Sierra Club has active outreach in Niagara Region promoting protection of special places and expansion of the Greenbelt. Please watch our Challenge to Sprawl: Grow the Greenbelt page for updates on this work. 

If you are interested in working with Sierra Club in Niagara Region contact us at <> for more information.





Call for Candidates: Represent Ontario on the National Board!

Calling all Candidates!

The Sierra Club Canada Foundation (SCCF) Board of Directors is expanding this year. There will be 12 elected members in two categories: 6 members-at-large and a representative from each of our 5 regions: Atlantic, Quebec, Ontario, Prairies and British Columbia, plus one seat from the Youth Coalition.

Each year, one half of Board members are elected for a 2-year term. Candidates must be at least 18 years of age.

We are looking for candidates with non-profit board experience, fundraising experience, knowledge of environmental issues and time to dedicate to the governance of this influential national charity.... Read more »

Posting closes: 
Thu, 2014-10-09 (All day)

Niagara Group meeting: Saturday, Oct.5

Live in the Niagara Region? Get involved with the Sierra Club of Canada -  Niagara Group by coming to our fall meeting!

Date: Saturday, October.5 @ 2.30 pm
Location: London Arms restaurant located in the Pen Center.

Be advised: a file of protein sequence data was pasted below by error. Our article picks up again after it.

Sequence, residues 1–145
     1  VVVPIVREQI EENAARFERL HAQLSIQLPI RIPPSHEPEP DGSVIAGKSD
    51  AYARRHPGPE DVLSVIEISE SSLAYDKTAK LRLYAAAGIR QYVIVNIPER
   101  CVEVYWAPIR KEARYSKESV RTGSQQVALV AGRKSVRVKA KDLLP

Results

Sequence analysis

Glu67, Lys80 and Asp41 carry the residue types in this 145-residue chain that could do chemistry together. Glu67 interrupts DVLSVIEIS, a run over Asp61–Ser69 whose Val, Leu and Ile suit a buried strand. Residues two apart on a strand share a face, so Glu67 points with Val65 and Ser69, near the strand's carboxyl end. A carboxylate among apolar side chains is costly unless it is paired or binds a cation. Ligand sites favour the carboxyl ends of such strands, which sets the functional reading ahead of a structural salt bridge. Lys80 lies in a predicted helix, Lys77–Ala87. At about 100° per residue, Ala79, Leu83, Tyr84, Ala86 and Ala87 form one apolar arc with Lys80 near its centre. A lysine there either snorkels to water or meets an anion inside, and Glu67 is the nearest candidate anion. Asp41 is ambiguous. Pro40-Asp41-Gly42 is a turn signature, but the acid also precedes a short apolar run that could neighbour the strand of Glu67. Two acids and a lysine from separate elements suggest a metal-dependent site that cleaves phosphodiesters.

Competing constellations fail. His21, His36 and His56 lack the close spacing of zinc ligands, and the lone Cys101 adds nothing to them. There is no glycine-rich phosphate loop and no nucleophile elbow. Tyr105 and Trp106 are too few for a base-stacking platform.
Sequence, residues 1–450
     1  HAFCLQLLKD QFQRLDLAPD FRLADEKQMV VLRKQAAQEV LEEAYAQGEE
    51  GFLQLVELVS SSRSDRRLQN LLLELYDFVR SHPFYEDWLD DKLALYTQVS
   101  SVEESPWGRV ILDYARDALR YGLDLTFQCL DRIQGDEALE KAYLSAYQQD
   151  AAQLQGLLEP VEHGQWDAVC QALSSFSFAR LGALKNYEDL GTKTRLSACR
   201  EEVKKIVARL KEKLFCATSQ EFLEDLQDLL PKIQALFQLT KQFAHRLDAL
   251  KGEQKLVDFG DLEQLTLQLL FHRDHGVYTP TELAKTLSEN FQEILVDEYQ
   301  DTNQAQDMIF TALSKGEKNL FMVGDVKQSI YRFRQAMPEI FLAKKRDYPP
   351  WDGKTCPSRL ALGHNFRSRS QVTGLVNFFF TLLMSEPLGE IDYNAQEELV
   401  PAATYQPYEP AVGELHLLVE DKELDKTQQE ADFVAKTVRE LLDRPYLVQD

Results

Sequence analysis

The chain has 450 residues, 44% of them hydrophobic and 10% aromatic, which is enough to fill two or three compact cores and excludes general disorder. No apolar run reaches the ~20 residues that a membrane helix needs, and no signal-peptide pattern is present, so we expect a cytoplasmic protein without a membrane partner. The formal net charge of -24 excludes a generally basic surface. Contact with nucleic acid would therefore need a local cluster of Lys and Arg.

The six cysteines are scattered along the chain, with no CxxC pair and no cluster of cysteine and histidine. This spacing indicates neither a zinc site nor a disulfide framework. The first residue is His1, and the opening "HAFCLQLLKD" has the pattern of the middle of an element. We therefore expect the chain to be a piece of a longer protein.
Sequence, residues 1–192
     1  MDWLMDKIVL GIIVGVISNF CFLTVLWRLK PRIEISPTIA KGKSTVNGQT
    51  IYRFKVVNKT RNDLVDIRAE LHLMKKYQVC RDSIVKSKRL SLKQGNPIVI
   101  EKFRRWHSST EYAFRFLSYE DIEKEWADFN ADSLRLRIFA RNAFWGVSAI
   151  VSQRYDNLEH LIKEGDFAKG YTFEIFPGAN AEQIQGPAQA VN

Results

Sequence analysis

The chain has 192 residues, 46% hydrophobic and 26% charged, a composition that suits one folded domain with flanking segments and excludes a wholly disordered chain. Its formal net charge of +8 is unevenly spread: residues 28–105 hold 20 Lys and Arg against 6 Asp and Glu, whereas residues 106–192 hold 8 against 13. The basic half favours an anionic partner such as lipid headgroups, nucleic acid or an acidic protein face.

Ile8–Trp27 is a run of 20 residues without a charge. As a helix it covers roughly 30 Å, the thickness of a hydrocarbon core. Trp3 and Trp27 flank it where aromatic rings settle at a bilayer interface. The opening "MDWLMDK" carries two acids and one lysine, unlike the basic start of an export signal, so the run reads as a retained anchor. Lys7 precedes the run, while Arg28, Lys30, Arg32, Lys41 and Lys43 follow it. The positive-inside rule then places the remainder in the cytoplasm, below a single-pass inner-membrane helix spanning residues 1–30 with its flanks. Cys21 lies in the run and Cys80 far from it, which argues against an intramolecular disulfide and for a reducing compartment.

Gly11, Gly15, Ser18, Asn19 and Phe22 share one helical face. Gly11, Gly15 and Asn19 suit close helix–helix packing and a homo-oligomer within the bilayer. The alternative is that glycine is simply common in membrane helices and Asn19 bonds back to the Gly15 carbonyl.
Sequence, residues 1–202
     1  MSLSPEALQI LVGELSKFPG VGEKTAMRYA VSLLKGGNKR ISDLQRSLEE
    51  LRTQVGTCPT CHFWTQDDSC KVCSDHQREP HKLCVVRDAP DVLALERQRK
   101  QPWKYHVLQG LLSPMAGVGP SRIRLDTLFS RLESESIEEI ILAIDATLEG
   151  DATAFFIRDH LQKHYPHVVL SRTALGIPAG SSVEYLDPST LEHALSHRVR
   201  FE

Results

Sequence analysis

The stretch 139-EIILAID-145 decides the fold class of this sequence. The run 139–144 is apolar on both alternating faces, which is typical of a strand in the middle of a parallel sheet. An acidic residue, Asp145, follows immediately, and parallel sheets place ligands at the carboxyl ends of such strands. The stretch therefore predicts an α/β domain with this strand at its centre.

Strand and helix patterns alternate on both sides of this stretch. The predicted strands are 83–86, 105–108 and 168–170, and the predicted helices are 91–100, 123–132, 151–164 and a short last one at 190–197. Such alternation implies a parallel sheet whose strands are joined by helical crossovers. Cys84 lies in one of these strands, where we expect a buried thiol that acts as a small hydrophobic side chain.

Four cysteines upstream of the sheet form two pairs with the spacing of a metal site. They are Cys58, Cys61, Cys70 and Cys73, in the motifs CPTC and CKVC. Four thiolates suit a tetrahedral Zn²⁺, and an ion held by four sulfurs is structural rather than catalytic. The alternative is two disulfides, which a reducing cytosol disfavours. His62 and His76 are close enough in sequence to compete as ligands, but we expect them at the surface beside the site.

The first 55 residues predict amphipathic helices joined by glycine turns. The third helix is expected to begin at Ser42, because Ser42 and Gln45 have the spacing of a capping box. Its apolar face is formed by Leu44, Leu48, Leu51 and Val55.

Please feel free to invite people with a concern for environmental protection here in niagara.    

Sierra Club Fights Urban Sprawl in Niagara

By John Bacher 

            Through a combination the Greenbelt and provincial interventions at the Ontario Municipal Board, (OMB), the Niagara Region has been largely protected from the threat of urban sprawl. There is one area however, that remains vulnerable to sprawl which is not justified in a region that has a housing supply of over 40 years. It has been termed by the late dairy farmer, Peter Grandoni, as the “Black Belt” of Niagara, as developers claim a loop hole of being exempted through grand fathering from the Ontario government’s Growth Management Plan.  Grandoni saw this loophole as a way speculators could beat up the rural landscape of Niagara, chewing up its forests and polluting its streams. ... Read more »

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